Oxford Grammar of Classical Greek

Author: James Morwood
Publisher: OUP Oxford
ISBN: 9780198604563
Format: PDF, Mobi
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The Oxford Grammar of Classical Greek gives clear, concise and easily understood explanations of all the key points of Classical Greek grammar. With additional features such as a glossary of grammatical terms, a vocabulary list covering all the Greek words found in the main text, study tips. It ensures that students have all the support they need to complement their language learning.

The Cambridge Grammar of Classical Greek

Author: Evert van Emde Boas
Publisher: Cambridge University Press
ISBN: 9780521198608
Format: PDF
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This is the first full-scale reference grammar of Classical Greek in English in a century. The first work of its kind to reflect significant advances in linguistics made in recent decades, it provides students, teachers and academics with a comprehensive yet user-friendly treatment. The chapters on phonology and morphology make full use of insights from comparative and historical linguistics to elucidate complex systems of roots, stems and endings. The syntax offers linguistically up-to-date descriptions of such topics as case usage, tense and aspect, voice, subordinate clauses, infinitives and participles. An innovative section on textual coherence treats particles and word order and discusses several sample passages in detail, demonstrating new ways of approaching Greek texts. Throughout the book numerous original examples are provided, all with translations and often with clarifying notes. Clearly laid-out tables, helpful cross-references and full indexes make this essential resource accessible to users of all levels.

OCR Anthology for Classical Greek GCSE

Author: Judith Affleck
Publisher: Bloomsbury Publishing
ISBN: 1474265502
Format: PDF, ePub, Mobi
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This is the OCR endorsed publication from Bloomsbury for the Greek GCSE set text prescriptions examined from 2018 to 2023. The texts covered are: Homer Odyssey 6:48–159 Iliad 3:1–112 Odyssey 7:184–297 Herodotus Histories 1.30–4, 86–7 and 6.125 (Solon & Croesus; How Alcmaeon Was Enriched by Croesus) Histories 3.17–25, 38 (The Ethiopians; The Power of Custom) Histories 2.2, 69–70, 129–33, 31–2 (Psammetichus; Crocodiles; Mycerinus; Pygmies) Euripides Alcestis 280–393 Electra 215–331 Bacchae 434–508, 800–38 Plato Phaedo 59c–60a, 115b–d, 116b–d, 117c–18a Plutarch A Spartan Childhood Lucian Anacharsis and Athletics The Isle of the Blest The volume starts with an introduction to ancient Greek history and culture, which will set in context the passages for the exams and give guidance on how to translate ancient Greek. The prescribed texts are set out in clear passages facing commentary notes, with further information on GCSE vocabulary and key terms as well as study questions. The full GCSE vocabulary is provided at the back of the book and a timeline, Who's Who, glossaries and map combine to give students a focused preparation for their exams. The book is supported by a companion website of further resources.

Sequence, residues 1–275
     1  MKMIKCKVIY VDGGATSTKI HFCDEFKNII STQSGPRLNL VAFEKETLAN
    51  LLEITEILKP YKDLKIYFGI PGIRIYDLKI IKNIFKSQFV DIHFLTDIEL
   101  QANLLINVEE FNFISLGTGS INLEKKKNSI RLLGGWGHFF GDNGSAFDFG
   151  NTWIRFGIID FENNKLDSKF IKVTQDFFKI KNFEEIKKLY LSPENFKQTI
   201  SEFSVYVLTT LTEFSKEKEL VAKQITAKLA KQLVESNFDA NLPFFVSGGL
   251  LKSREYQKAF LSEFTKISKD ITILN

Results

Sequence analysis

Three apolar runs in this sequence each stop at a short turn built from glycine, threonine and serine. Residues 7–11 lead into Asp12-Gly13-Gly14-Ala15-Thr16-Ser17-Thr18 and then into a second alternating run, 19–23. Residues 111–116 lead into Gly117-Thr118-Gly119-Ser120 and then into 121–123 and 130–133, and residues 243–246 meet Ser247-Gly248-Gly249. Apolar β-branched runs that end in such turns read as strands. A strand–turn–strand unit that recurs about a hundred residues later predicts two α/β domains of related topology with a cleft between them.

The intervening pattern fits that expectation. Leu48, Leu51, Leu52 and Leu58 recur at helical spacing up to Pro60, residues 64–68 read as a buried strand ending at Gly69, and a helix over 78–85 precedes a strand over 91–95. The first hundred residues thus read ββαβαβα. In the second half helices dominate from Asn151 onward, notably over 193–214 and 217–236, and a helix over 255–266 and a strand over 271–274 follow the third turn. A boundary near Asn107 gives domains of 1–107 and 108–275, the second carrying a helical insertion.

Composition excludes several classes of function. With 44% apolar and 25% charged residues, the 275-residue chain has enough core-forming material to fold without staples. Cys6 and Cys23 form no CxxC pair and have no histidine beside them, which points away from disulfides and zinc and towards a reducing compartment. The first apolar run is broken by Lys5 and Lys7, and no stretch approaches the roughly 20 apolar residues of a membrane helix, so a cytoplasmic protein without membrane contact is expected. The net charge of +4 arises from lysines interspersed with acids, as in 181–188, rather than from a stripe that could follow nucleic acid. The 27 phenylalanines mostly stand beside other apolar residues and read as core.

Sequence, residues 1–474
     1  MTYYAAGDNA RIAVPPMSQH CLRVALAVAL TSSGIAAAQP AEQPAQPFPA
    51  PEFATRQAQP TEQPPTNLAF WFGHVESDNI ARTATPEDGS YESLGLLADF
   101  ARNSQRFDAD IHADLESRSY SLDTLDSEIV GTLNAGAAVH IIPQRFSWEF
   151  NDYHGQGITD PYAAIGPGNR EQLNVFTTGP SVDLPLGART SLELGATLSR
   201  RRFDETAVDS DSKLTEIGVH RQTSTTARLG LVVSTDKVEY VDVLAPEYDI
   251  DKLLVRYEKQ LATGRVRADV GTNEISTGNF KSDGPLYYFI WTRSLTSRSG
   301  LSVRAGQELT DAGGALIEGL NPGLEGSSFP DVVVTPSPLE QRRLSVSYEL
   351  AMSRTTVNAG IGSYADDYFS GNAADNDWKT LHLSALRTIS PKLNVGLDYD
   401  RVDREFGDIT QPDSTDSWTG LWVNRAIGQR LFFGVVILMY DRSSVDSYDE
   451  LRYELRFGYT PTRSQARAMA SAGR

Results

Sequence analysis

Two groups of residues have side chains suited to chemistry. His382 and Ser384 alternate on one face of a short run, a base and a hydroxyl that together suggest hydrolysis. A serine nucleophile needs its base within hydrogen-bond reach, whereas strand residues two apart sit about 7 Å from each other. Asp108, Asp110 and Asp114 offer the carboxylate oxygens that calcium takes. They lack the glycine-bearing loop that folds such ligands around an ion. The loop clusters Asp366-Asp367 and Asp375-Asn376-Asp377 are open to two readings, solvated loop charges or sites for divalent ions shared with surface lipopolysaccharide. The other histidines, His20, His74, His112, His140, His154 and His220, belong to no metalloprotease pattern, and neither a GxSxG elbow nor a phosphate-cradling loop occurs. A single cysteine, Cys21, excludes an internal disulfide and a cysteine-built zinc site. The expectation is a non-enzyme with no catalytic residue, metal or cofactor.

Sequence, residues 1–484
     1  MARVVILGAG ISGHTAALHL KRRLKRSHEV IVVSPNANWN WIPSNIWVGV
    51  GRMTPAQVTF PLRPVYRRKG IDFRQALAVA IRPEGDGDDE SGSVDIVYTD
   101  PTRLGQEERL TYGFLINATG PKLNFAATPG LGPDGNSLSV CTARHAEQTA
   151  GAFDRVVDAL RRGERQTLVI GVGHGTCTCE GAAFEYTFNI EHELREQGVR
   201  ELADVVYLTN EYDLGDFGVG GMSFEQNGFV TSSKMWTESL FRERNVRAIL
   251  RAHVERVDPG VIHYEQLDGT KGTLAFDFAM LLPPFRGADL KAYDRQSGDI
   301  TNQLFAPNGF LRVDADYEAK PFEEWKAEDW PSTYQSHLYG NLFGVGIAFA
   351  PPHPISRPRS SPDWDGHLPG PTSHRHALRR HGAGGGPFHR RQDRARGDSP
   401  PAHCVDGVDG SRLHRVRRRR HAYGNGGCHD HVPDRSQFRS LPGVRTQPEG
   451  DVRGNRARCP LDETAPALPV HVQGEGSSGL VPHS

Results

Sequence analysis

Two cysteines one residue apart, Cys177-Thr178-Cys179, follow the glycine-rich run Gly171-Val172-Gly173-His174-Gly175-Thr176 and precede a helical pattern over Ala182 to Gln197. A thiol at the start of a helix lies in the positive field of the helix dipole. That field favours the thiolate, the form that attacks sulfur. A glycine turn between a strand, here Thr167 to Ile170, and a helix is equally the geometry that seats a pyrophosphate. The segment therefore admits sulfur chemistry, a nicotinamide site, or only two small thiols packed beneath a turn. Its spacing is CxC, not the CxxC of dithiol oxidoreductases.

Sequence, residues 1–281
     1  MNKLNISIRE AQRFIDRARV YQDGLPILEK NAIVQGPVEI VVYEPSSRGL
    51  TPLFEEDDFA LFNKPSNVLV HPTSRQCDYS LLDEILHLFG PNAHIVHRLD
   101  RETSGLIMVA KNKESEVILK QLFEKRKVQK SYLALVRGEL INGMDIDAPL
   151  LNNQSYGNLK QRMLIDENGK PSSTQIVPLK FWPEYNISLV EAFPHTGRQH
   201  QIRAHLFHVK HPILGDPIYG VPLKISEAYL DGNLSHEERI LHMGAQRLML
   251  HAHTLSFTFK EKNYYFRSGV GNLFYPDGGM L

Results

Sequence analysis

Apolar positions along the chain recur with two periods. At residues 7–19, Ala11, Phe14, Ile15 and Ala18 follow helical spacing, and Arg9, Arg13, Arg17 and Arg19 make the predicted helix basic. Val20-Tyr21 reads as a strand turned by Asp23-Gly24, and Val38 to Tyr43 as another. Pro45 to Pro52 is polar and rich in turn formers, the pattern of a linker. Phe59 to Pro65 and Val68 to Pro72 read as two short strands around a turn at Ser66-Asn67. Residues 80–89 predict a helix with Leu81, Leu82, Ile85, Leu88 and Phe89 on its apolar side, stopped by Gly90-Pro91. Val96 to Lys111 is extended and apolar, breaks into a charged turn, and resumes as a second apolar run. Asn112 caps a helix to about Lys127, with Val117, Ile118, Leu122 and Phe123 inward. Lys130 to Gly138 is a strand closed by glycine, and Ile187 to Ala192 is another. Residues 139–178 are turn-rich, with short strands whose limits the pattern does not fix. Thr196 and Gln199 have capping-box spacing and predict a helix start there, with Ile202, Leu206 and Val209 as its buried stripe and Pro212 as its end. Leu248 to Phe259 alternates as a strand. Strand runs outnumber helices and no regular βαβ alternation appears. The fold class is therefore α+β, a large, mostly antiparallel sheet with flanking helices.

OCR Anthology for Classical Greek AS and A Level

Author: Malcolm Campbell
Publisher: Bloomsbury Publishing
ISBN: 1474266037
Format: PDF, ePub, Docs
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The OCR-endorsed publication from Bloomsbury for the Greek AS and A-Level set text prescriptions giving full Greek text, commentary and vocabulary and a detailed introduction for each text that also covers the prescription to be read in English for A Level. The texts covered are: AS Thucydides, Histories, Book IV: 11–14, 21–23, 26–28 Plato, Apology, 18a7 to 24b2 Homer, Odyssey X: 144–399 Sophocles, Antigone, lines 1–99, 497–525, 531–581, 891–928 A-level Thucydides, Histories, Book IV: 29–40 Plato, Apology, 35e–end Xenophon, Memorabilia, Book 1.II.12 to 1.II.38 Homer, Odyssey IX: 231–460 Sophocles, Antigone, lines 162–222, 248–331, 441–496, 998–1032 Aristophanes, Acharnians, 1–203, 366–392

A Student Handbook of Greek and English Grammar

Author: Robert Mondi
Publisher: Hackett Publishing
ISBN: 1624660932
Format: PDF, Mobi